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The definition of slim odds by Webster 1913 Dictionary is :

low odds; poor chances; as, there are slim odds he will win any medal. - W. Irving.

The above definition is similar to that of slim chance:

a small possibility There's still a slim chance that we can win. (Merriam-Webster)

We know what low and high odds refer to:

Low odd means something is likely, and "high odds" means something is unlikely, but many people get the two confused.

Now, if odds refers to a ratio as suggested by ODO:

The ratio between the amounts staked by the parties to a bet, based on the expected probability either way.

High odds would be something like 42-to-1, that is one chance out of 42 that something may happen, while low odds would be something like 2-to-1 that is 1 chance out of 2 that something may happen.

Given all that, my question is about the above definition of “slim odds” as low odds. If low odds refer to something that is likely the above definition appears to be wrong, especially because they later add “poor chances”. In other words, it appears that “odds” is used as a synonym of “chances.” But that would add even more confusion to the usage of low vs high odds.

Questions:

1) Is “odds” in the “slim odds” definition used as a synonym of chance? If so, is that a correct usage?

2) What does “slim odds” really mean in the end?

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    "Slim odds" means "fat chance". – tchrist Mar 12 '18 at 13:29
  • @tchrist - I see, so poor chance means fat chance? – user067531 Mar 12 '18 at 14:52
  • The Ngram shows that the description of odds is in the order of 'low-poor-small-slim' and zero for 'thin' – Nigel J Mar 12 '18 at 15:24
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Odds are a numerical expression, usually expressed as a pair of numbers, used in both gambling and statistics. In statistics, the odds for or odds of some event reflect the likelihood that the event will take place, while odds against reflect the likelihood that it will not. In gambling, the odds are the ratio of payoff to stake, and do not necessarily reflect exactly the probabilities. Odds are expressed in several ways (see below), and sometimes the term is used incorrectly to mean simply the probability of an event. Conventionally, gambling odds are expressed in the form "X to Y", where X and Y are numbers, and it is implied that the odds are odds against the event on which the gambler is considering wagering. In both gambling and statistics, the 'odds' are a numerical expression of the likelihood of some possible event. - Wikipedia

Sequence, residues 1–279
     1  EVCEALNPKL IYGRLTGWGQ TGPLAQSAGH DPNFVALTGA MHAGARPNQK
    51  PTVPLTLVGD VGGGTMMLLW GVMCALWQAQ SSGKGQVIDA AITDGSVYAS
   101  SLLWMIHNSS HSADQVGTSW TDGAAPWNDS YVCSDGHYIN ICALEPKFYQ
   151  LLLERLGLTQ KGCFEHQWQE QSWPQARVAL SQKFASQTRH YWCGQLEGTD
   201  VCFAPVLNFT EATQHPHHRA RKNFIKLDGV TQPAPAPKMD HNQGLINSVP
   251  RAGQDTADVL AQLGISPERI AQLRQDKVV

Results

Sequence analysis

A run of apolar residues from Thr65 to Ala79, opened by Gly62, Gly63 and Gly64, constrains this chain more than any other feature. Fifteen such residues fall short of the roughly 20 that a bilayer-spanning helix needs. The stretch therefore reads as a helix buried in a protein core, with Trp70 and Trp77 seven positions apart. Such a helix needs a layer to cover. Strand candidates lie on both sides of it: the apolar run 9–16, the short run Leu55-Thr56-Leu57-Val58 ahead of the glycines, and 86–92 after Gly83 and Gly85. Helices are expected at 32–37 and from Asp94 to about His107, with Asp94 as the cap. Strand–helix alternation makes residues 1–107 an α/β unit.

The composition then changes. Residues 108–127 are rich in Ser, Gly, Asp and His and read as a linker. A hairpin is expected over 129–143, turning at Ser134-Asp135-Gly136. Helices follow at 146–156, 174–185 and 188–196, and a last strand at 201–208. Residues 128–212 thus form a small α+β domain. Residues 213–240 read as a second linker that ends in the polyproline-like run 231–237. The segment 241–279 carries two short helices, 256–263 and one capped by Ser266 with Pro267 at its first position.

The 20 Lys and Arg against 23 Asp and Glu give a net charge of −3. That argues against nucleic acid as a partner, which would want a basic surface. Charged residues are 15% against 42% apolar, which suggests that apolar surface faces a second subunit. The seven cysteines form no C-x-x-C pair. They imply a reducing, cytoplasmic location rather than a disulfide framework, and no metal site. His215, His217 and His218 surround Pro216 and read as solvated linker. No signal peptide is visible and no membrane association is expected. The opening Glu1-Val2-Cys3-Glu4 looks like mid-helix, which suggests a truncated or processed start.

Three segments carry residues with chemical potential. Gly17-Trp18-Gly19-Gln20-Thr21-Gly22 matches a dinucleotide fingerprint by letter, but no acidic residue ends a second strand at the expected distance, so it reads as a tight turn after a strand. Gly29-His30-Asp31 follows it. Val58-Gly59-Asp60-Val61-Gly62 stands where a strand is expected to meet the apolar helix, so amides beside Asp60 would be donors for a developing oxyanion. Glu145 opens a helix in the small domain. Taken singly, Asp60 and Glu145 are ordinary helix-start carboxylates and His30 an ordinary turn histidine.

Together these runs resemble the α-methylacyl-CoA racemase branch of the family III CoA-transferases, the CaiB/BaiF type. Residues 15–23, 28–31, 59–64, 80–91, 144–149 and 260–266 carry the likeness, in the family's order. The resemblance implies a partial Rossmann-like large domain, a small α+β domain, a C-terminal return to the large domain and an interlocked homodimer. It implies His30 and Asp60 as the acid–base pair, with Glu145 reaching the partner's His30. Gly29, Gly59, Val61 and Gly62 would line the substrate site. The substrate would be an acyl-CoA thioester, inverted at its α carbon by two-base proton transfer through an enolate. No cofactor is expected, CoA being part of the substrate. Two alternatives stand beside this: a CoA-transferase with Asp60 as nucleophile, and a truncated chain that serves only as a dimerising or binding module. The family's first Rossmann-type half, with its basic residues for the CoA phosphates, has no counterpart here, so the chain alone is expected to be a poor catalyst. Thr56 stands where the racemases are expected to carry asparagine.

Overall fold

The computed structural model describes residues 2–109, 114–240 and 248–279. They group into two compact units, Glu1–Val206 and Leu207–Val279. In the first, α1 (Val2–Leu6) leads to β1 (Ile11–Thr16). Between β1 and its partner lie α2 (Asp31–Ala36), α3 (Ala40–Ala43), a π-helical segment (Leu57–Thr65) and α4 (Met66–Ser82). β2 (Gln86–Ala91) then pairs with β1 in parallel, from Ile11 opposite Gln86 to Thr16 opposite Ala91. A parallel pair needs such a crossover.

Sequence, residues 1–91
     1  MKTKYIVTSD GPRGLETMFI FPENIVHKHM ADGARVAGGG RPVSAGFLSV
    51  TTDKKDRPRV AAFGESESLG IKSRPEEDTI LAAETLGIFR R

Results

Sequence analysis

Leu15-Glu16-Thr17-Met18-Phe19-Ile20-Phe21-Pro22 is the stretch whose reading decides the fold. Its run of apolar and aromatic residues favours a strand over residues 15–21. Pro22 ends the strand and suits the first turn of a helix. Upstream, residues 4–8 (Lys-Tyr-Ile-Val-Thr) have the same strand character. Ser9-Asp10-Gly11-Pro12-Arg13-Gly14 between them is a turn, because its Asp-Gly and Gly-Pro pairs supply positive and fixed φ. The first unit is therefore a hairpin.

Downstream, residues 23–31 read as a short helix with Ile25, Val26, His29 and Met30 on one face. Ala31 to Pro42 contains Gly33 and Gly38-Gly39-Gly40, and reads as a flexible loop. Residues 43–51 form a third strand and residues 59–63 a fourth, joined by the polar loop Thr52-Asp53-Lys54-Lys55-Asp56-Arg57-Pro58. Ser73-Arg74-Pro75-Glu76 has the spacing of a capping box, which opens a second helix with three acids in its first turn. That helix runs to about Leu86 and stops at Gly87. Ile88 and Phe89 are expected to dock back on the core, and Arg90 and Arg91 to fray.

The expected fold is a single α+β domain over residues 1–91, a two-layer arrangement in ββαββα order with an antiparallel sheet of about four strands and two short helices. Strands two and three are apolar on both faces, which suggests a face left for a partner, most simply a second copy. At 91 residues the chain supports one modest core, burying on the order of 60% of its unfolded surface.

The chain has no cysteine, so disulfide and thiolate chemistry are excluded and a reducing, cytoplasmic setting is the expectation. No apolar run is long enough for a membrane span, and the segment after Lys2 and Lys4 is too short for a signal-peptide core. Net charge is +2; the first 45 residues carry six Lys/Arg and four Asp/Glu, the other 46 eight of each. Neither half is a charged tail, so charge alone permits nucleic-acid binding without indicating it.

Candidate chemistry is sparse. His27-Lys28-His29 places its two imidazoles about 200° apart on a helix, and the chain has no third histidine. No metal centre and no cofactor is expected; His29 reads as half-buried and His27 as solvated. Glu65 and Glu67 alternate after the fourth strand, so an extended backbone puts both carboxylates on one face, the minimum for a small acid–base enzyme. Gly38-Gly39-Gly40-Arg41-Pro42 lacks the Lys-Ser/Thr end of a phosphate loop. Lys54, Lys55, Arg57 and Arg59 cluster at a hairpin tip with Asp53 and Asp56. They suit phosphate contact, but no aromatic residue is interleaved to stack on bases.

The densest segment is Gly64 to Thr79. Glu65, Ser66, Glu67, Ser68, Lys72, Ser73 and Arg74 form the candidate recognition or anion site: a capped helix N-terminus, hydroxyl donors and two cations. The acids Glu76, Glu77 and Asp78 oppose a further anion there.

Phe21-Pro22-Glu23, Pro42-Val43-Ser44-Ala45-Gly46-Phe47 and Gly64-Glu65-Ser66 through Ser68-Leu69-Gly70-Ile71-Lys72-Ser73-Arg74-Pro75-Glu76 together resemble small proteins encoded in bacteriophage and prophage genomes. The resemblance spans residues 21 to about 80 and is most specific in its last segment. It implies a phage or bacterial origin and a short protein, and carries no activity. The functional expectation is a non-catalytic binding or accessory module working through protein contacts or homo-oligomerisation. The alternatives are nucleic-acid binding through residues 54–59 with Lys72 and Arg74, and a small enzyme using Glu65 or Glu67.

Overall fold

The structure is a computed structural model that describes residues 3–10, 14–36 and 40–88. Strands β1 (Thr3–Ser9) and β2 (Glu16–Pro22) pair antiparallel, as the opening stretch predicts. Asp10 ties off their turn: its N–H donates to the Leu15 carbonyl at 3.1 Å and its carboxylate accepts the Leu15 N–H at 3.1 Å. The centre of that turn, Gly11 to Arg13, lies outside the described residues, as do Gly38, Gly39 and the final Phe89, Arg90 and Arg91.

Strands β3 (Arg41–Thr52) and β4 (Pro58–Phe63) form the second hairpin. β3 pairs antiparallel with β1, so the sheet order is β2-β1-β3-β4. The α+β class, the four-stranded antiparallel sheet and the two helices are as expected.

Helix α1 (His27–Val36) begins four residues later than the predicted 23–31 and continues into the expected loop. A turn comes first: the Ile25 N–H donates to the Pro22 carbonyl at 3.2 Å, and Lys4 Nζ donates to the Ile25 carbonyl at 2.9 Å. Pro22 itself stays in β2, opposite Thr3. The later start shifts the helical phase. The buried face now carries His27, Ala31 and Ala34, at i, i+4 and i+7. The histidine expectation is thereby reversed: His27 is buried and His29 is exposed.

The definition you link to regarding low and high odds looks like it relates to betting odds. These are said to be expressed conventionally as odds against something.

In conversational usage (outside the technical terminology used in betting), however, odds are normally taken to be odds for or odds of unless the context clearly indicates that they are odds against.

You ask:

1) Is “odds” in the “slim odds” definition used as a synonym of chance? If so, is that a correct usage?

2) What does “slim odds” really mean in the end?

The synonymous phrase "poor chances" strongly constrains "low odds" to be the common (non-technical) usage of odds for or odds of. So "low odds" would mean that the event of interest is less likely to happen than not. This is consistent with the rest of the definition you've quoted regarding "slim odds".

  • Ok, so the confusion is due to the difference about technical vs more common usage, I suppose. And in common usage odds is sort of synonym of chances. Am I correct? – user067531 Mar 12 '18 at 15:50
  • Yes, I’d agree that in common usage, odds is synonymous with chances. – Lawrence Mar 12 '18 at 15:58

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